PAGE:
John Iannarelli, a FBI consultant, is more worried than ever about imminent cyberattacks on small businesses. Mark Pribish talks with Iannarelli about the cyberthreats that Americans face.
What if we could get an unfiltered, insider's view from a Federal Bureau of Investigation consultant on cyberdangers and the ID-theft security threats facing businesses today?Just days ago, I had the opportunity to interview John Iannarelli, current FBI cyberconsultant and recently retired assistant special agent in charge, Phoenix division. Iannarelli provided a sobering assessment of the cyberthreats America faces. Here are the highlights of the interview:
Question: Is consumer ID theft a growing threat?
Answer: "The theft of consumer information is on the rise, and it is not going to stop. In the 21st century, the cybercriminal is a purse snatcher and pickpocket all rolled up into one. He is looking to take your cash and steal your identity, doing all of it without ever leaving his or her house."
Q: Big businesses continue to make headlines. Is my small business at risk?
A: "Time and again I have heard small business owners say they have nothing to worry about because they are too small to interest cybercriminals. Instead, small businesses are exactly who the criminals are targeting for two primary reasons. In the criminal's mind, why go after large companies directly, when easier access can be attained through small business vendor relationships. Secondly, since small businesses have less financial and IT resources, criminals know they are less 'compromise ready' and tend to be less resilient."
Q: Why do you emphasize data-breach education and recovery planning?
A: "While information security is critical to minimizing the potential for a data breach, the fact is data breach events cannot be stopped. I used to say it is not a matter of if, but when. Now I say, "How are you prepared to recover?" You are going to get hacked. It is inevitable. Companies need to think about cybersecurity, backing up their information so that they can continue business after the breach has occurred, and a recovery plan to make their clients and customers whole."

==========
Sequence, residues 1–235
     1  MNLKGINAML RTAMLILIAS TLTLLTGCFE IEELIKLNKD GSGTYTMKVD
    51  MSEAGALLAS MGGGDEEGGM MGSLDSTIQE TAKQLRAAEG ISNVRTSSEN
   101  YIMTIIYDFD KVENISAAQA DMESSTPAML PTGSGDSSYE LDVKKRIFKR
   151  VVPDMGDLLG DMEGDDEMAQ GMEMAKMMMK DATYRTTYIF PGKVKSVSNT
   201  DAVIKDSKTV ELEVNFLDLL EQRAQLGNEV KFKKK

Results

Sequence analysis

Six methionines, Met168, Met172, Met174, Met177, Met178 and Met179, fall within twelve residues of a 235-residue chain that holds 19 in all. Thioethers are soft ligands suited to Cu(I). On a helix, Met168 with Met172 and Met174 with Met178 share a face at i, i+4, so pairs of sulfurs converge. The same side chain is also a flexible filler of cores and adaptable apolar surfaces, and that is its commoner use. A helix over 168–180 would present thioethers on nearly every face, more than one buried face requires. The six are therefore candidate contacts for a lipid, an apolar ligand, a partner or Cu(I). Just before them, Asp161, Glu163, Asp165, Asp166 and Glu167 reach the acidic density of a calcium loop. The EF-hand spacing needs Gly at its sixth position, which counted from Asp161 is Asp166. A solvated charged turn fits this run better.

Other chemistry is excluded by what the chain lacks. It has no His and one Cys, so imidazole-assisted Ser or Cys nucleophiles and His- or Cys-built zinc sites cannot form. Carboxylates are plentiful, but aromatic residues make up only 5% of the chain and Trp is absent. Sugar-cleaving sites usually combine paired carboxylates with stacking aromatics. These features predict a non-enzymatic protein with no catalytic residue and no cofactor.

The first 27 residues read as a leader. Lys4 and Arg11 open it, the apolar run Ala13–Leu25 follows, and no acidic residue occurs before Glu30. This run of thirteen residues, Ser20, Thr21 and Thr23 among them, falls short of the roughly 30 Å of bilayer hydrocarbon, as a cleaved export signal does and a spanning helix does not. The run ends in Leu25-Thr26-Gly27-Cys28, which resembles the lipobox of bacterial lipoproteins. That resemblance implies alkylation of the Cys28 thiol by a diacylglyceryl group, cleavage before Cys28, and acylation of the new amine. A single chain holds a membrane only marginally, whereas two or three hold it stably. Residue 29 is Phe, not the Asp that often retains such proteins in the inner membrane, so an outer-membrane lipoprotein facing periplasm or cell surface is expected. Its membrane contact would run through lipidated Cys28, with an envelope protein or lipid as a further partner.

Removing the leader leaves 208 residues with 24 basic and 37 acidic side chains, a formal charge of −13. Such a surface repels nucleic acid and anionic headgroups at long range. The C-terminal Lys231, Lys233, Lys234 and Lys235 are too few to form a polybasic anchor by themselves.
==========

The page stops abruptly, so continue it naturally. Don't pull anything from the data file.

Q: What is your recommendation for safeguarding information?
A: "My No. 1 recommendation is education. Unlike the movie version of a sophisticated computer intrusion carried out by cybercriminals, the vast majority of breaches are facilitated through some method of social engineering. For example, one of your employees clicks a phishing link, giving the cybercriminal access to your entire computer network. To defend, there is no substitution for education, including ongoing employee training. It's a proven and low-cost method to protecting your business from a financially devastating cyberevent."
Q: How can law enforcement help businesses, especially small business?
A: "Remember, whatever law enforcement does, it is after the fact. If your loss is large enough for a law enforcement agency to justify and devote resources into looking at your case, they will probably be able to identify the party responsible. However, it is then up to the courts for justice and recovery. It's better for your business to be proactive with an information security and governance plan. Plus, by staying current with security-related employee education, processes and technology, you will help minimize your risk and exposure to a data breach."
Mark's most important: Take FBI consultant Iannarelli's cyberdangers, warning and advice seriously. Your business is at a greater cyber-risk than ever.
This article was originally published on AZcentral.com and republished with the author's permission.
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